The unmanned automatic weather observation station set up in Yumai township, in Southwest China's Tibet Autonomous Region. (Photo: Courtesy of the Meteorological Bureau of the Shannan Prefecture)China has set up an unmanned automatic weather observation station near the Indian border in the Tibet Autonomous Region to provide meteorological support to national defense.
The station in Yumai township under Lhunze county of Shannan Prefecture in Tibet will eliminate a blind area of meteorological services. It will also provide strong meteorological support for national defense and further promote border development as well as military-civilian integration, according to a statement on the official website of the Tibet weather bureau.
"The station can observe six factors, including air temperature, air pressure, wind speed, wind direction, humidity and precipitation, with more accuracy than before," Tashi Norbu, a technician in charge of the station, told the Global Times on Monday.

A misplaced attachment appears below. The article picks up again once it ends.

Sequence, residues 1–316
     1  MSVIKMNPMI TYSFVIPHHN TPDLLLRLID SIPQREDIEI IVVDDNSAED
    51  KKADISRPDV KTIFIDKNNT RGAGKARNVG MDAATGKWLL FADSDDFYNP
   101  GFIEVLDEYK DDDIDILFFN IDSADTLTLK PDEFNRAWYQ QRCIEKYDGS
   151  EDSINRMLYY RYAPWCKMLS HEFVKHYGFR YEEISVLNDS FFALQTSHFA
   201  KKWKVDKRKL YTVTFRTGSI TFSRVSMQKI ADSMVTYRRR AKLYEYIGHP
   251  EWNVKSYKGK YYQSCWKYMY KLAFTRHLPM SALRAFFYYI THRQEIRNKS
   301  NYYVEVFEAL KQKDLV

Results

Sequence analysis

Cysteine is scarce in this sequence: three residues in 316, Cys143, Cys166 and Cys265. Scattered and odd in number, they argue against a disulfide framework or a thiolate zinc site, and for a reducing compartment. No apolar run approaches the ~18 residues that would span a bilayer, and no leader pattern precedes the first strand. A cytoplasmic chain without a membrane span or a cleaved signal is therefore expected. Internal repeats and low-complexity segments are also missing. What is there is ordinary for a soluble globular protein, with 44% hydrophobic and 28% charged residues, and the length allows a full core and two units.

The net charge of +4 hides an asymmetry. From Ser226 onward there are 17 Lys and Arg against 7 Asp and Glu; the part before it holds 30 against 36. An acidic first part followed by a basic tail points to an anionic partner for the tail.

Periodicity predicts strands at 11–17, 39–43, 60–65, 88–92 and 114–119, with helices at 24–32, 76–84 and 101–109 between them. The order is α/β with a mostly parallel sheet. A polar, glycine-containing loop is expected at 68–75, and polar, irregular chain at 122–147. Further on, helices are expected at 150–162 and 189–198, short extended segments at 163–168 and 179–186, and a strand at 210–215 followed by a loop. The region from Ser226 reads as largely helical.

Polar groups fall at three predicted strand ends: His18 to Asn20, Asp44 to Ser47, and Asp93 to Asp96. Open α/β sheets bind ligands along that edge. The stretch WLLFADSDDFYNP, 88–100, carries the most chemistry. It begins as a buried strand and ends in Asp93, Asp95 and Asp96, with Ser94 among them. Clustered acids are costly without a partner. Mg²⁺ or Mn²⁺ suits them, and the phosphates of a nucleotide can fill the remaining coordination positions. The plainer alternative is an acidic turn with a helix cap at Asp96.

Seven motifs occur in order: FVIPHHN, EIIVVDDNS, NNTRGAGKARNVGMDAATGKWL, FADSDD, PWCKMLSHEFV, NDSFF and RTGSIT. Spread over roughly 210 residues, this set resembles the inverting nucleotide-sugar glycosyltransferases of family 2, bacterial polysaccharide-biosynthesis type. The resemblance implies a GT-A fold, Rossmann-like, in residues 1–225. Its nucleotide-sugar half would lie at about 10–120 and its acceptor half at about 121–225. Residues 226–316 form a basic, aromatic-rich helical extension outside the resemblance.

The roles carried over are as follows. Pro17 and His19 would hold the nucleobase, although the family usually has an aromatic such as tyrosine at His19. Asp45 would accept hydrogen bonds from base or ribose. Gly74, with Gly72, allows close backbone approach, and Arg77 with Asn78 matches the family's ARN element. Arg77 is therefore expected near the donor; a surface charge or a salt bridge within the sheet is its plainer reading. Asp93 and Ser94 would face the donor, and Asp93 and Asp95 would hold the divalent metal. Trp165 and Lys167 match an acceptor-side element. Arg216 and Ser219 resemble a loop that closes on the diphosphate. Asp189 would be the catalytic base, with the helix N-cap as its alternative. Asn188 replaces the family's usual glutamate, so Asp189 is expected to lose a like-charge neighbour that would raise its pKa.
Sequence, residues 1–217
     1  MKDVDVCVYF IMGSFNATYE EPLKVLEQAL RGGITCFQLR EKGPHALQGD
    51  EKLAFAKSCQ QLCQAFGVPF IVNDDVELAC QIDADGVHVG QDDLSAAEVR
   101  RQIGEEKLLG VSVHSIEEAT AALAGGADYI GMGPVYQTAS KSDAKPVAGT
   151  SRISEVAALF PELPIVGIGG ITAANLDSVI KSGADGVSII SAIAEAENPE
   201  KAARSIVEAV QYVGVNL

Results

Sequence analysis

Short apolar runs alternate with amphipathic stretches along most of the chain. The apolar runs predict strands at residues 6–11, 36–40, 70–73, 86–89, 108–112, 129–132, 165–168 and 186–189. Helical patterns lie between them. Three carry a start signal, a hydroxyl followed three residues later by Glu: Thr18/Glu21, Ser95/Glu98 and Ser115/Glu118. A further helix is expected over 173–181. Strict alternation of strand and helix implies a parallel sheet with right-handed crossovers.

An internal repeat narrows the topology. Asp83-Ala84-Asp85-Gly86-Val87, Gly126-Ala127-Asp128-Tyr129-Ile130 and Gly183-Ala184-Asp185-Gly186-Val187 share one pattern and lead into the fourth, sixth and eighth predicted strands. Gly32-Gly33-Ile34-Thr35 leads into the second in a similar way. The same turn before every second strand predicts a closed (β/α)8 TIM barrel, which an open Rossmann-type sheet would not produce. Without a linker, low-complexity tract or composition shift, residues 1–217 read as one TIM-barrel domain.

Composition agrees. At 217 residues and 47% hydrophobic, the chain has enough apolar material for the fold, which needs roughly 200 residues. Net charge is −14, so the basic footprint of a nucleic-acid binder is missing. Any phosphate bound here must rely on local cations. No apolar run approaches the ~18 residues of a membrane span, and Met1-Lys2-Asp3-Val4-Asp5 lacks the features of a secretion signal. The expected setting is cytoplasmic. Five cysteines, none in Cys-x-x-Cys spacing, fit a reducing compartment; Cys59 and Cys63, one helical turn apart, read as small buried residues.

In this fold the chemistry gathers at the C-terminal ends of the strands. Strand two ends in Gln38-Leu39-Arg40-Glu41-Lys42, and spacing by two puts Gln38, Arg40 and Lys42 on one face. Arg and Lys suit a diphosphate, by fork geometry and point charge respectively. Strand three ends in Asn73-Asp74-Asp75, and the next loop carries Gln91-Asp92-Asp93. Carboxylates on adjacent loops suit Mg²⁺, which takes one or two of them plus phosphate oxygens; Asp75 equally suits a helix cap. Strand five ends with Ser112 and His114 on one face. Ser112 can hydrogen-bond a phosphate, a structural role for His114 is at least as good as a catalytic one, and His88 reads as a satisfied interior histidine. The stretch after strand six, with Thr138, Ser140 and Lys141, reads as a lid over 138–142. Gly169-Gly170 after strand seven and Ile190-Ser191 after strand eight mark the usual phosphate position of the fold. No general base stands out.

"Yumai is at the border. The station could provide data to help with transportation and communication in national defense. It could also offer support during regional live-fire conflicts," Tashi said.
With nine households and 32 residents, Yumai is China's smallest township in terms of population.
Yumai is located in the southern foothills of the Himalayas and affected by the monsoon climate of the Indian Ocean.
"In the past, we could not accurately grasp the meteorological data of Yumai. It has caused inconvenience for residents' life and in disaster prevention and reduction," Dawa, the secretary of the Communist Party at Yumai, told the Xinhua News Agency.
The construction of the station began in early 2018. However, due to atrocious weather in the area, the construction was completed in June and the first weather data was transmitted from the station on June 22.
Regional weather is an important factor that could influence the take-off and landing of aircraft and the launch of missiles during a battle. The small weather observation station could provide such information, Song Zhongping, a military expert, told the Global Times on Monday.
Grasping accurate weather information could help seize good opportunities in the battles, Song added.
"Residents will enjoy better meteorological services to better safeguard every blade of grass and tree on the territory of the motherland," Dawa said.